State polls: Important Indian vote

In this second article of my six state polls series, I look at one of the important swing voters in the coming polls, the Indian community.

Hurtful racialised comments and fielding (and dropping) of Indian candidates raise serious questions about their place in the evolution of national politics, amidst coalitions that are more focused on winning and addressing the majority Malay community and often (disrespectfully) ignoring the serious concerns of minorities.

By focusing on the Indian community, I draw attention to their pivotal political role. In four of the states with coming polls – Kedah, Negeri Sembilan, Penang and Selangor – they will influence not only who wins particular seats, but shape who will hold power and by what majority.

Significant share of voters

The first place to appreciate the central political role that Indians will play in the state polls is in their numbers (and composition of seats).

Indian voters make up a significant minority (over 10 percent) of voters in 66 percent of the seats in Selangor, 56 percent in Negeri Sembilan, 55 percent in Penang and 22 percent in Kedah.

The overall share of Indian voters is 15 percent in Selangor, 14 percent in Negeri Sembilan, 11 percent in Penang and seven percent in Kedah.

Most of the Indian voters are dispersed across urban and semi-urban areas. Yet, there are many areas where they are concentrated, such as in Sentosa in Kota Raja (40 percent of the voters), Perai (35 percent of the votes) on Penang mainland and Negeri Sembilan’s more remote Jeram Padang (34 percent of voters).

The latter seat, which I will return to later, includes Indians living near estates.

To put these numbers in context, of the four states where Indian voters comprise an important share of the electorate, they hold a significant minority in 52 percent of the seats – more than half!

Even in places like Kota Anggerik, the seat of a PKR incumbent who recently made disparaging remarks (and since responded with an explanation/apology) when PSM announced an Indian candidate for the seat, has eight percent of the voters.

No doubt, Indian voters matter in close races, as do the remarks about the community.

Declining Indian turnout

History shows that Indian voters have mattered in the past; they are an underappreciated electoral swing.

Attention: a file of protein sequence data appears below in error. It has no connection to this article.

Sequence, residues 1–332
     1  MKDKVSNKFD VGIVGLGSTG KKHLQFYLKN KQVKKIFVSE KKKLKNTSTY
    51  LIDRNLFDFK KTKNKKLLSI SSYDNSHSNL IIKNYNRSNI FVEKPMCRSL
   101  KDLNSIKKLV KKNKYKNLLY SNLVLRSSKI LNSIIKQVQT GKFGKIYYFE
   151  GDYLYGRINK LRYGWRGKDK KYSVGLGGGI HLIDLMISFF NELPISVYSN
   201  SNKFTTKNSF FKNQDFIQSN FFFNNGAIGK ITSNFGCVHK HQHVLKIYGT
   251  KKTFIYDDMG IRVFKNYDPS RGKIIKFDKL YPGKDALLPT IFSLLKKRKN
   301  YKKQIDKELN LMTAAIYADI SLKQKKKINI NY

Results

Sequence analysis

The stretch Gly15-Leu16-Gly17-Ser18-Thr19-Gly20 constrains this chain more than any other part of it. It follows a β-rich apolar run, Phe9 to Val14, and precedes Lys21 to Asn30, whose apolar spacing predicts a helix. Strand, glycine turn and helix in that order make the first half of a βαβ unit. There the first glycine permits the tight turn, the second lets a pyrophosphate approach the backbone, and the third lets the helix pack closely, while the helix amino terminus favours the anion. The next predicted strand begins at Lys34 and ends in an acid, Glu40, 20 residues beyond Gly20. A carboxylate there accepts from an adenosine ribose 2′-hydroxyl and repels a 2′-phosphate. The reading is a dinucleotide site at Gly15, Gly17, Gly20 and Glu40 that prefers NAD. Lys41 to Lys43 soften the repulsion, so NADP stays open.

I have argued that the turnout and support patterns of Indian voters were important in the Malacca and Johor state polls and in the 15th general election.

In seats such as Kuala Selangor (which has close races in the coming state polls), without Indian support, Pakatan Harapan would not have won this seat, for example.

For this piece, I analyse data from polling station results of previous state elections 2004-2018, and 2022 parliamentary results to derive estimates of Indian ethnic voting.

As my previous research has highlighted ethnicity is just one factor shaping voting, as other dimensions such as class, gender and region are also important for the Indian community.

Let’s take a look at their turnout in the past in each of the states: Three broad observations:

First, turnout among the Indian community dropped modestly in GE15. This drop was the most pronounced in Kedah, where minority participation has declined overall with increasing PAS dominance.

Indian turnout also dropped in Johor (an estimated 38 percent) and Malacca (an estimated 18 percent) polls, pointing to a broader trend of less political engagement with this community.

Given patterns in these previous state elections, Indian voter turnout should not be overlooked.

Pivotal swingers

In contrast to the decline in voting, support levels overall have increased for Harapan, the second broad observation.

This was most evident in Kedah, with an estimated 22 percent, followed by Penang, with an estimated 11 percent increase.

Support levels remained essentially the same in both Negeri Sembilan and Selangor, although in the former support for Harapan dropped by an estimated five percent.